The beauty of writing is that a story can explore a rainbow of emotions, from fear and contempt to grief and rage.
However, the emotions we conjure up in our writing have a way of bringing us writers down to the point where we stop writing.
That’s neither good for your story nor you.
Don’t let these somber story feelings drag you down. You can stay positive while you write even the most depressing of stories by changing your mindset and your environment. I have seven suggestions to bring back your optimism:
But this topic wasn’t easy. Just do a simple Internet search on this topic and the only advice you’ll find is to review how you did over the holiday season. While that’s a crucial step, it’s only the first step to turning things around this month.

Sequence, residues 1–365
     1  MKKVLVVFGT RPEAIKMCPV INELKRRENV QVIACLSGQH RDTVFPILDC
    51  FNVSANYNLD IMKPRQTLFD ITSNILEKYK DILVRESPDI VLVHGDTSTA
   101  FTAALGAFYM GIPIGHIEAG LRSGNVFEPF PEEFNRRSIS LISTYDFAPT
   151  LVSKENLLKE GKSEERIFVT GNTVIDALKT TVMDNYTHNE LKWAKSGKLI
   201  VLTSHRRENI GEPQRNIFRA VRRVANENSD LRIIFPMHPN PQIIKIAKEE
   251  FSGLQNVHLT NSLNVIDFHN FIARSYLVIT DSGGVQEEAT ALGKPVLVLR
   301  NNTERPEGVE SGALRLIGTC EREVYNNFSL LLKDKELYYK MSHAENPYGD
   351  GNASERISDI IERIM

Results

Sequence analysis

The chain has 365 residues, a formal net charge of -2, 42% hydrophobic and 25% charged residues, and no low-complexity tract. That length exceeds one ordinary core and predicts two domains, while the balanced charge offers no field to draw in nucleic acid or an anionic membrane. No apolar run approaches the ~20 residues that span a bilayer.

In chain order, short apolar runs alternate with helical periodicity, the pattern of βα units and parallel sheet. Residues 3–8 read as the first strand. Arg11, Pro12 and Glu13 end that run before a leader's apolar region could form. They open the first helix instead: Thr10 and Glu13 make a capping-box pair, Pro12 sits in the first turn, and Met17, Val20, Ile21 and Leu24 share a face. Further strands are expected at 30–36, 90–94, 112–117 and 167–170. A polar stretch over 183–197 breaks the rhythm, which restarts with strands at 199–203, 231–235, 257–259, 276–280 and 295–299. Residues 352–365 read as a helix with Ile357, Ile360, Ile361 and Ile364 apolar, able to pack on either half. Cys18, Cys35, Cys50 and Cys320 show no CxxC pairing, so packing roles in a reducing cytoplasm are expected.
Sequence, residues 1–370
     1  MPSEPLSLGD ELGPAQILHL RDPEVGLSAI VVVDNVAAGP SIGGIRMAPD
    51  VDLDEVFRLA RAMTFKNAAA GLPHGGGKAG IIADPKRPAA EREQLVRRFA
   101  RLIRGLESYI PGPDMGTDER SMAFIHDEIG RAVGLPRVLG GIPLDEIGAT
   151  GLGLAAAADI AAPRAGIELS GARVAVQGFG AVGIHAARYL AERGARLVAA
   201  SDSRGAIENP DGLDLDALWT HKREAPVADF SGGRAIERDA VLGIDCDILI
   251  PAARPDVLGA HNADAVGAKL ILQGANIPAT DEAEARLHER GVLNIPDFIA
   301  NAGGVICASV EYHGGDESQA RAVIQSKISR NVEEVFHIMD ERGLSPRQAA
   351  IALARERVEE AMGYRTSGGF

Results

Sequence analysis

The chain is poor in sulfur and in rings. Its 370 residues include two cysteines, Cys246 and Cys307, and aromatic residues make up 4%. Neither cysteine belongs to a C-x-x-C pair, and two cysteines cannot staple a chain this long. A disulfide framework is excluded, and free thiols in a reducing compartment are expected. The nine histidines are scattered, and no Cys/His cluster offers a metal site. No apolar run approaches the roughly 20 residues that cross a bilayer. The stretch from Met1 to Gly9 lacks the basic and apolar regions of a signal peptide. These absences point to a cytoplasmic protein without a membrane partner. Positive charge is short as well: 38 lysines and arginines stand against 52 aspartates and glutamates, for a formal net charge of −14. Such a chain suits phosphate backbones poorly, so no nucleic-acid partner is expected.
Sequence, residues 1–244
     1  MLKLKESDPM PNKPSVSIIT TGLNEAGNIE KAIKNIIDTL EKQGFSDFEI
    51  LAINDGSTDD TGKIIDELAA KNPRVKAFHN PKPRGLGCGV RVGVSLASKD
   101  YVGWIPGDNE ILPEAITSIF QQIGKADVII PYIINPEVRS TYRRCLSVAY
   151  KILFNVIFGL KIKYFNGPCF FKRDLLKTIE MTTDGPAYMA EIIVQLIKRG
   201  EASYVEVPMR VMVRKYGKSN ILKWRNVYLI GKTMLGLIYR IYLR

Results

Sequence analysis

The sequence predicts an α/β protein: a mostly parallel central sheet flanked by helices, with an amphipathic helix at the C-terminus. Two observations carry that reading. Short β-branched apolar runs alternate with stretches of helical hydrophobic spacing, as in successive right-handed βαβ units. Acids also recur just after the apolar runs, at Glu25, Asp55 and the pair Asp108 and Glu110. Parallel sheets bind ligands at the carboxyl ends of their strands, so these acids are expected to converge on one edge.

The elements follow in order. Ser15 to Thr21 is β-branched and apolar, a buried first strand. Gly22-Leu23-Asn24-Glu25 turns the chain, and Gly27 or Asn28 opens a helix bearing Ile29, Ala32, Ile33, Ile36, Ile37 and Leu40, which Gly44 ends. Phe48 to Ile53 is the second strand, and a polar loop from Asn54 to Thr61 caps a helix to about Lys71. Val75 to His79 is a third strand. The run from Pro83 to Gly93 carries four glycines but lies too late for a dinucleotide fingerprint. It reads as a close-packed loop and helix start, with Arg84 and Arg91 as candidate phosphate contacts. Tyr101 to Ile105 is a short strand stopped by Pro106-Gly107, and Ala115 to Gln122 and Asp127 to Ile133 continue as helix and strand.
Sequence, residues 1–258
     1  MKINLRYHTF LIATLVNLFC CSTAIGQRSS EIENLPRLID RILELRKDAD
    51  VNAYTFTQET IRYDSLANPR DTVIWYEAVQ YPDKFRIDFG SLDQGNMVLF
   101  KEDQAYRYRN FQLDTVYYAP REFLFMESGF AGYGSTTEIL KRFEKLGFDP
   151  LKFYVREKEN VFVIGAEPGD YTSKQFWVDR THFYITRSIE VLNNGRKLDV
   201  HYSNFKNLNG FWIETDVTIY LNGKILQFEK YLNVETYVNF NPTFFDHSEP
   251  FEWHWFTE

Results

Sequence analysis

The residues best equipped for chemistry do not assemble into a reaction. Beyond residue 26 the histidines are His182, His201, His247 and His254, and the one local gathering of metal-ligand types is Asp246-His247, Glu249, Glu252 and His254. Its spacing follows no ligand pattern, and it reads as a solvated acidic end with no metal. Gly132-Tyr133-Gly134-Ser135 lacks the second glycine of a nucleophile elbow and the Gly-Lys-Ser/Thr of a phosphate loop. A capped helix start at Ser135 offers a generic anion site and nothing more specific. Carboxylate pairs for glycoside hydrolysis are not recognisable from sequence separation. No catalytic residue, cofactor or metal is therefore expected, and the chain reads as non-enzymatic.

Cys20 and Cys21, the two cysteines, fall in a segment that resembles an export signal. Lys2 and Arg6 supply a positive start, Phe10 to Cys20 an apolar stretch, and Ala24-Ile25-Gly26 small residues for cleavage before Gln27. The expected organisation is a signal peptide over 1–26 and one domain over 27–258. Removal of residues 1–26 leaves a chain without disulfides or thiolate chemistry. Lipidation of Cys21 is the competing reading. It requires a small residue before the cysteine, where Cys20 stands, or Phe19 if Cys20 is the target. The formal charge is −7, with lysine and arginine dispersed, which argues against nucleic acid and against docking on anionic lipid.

That’s how I knew there was a need for this blog post.
They say that it’s the most wonderful time of the year…but is it?
Sure, everything’s lit up for the season with holiday lights. And, of course, there’s holiday shopping and holiday parties and holiday meals and holiday jingles and holiday decorations and holiday ceremonies and holiday concerts and holiday charity events and holiday dances and holiday fundraisers and holiday games and holiday cheer.
This time of year, everything is about the holidays—and no one only you care about finding time to write around the holidays.
With season’s greetings being shared so often throughout this time of year, it can be hard to remember whether you should write and say holiday or holidays. You want to spread cheer through every card you send and to every person you pass on the street.
Yet a grammar snafu can really dampen your seasonal spirits.
Spread your holiday cheer over the holidays correctly with confidence by following these simple holiday grammar rules.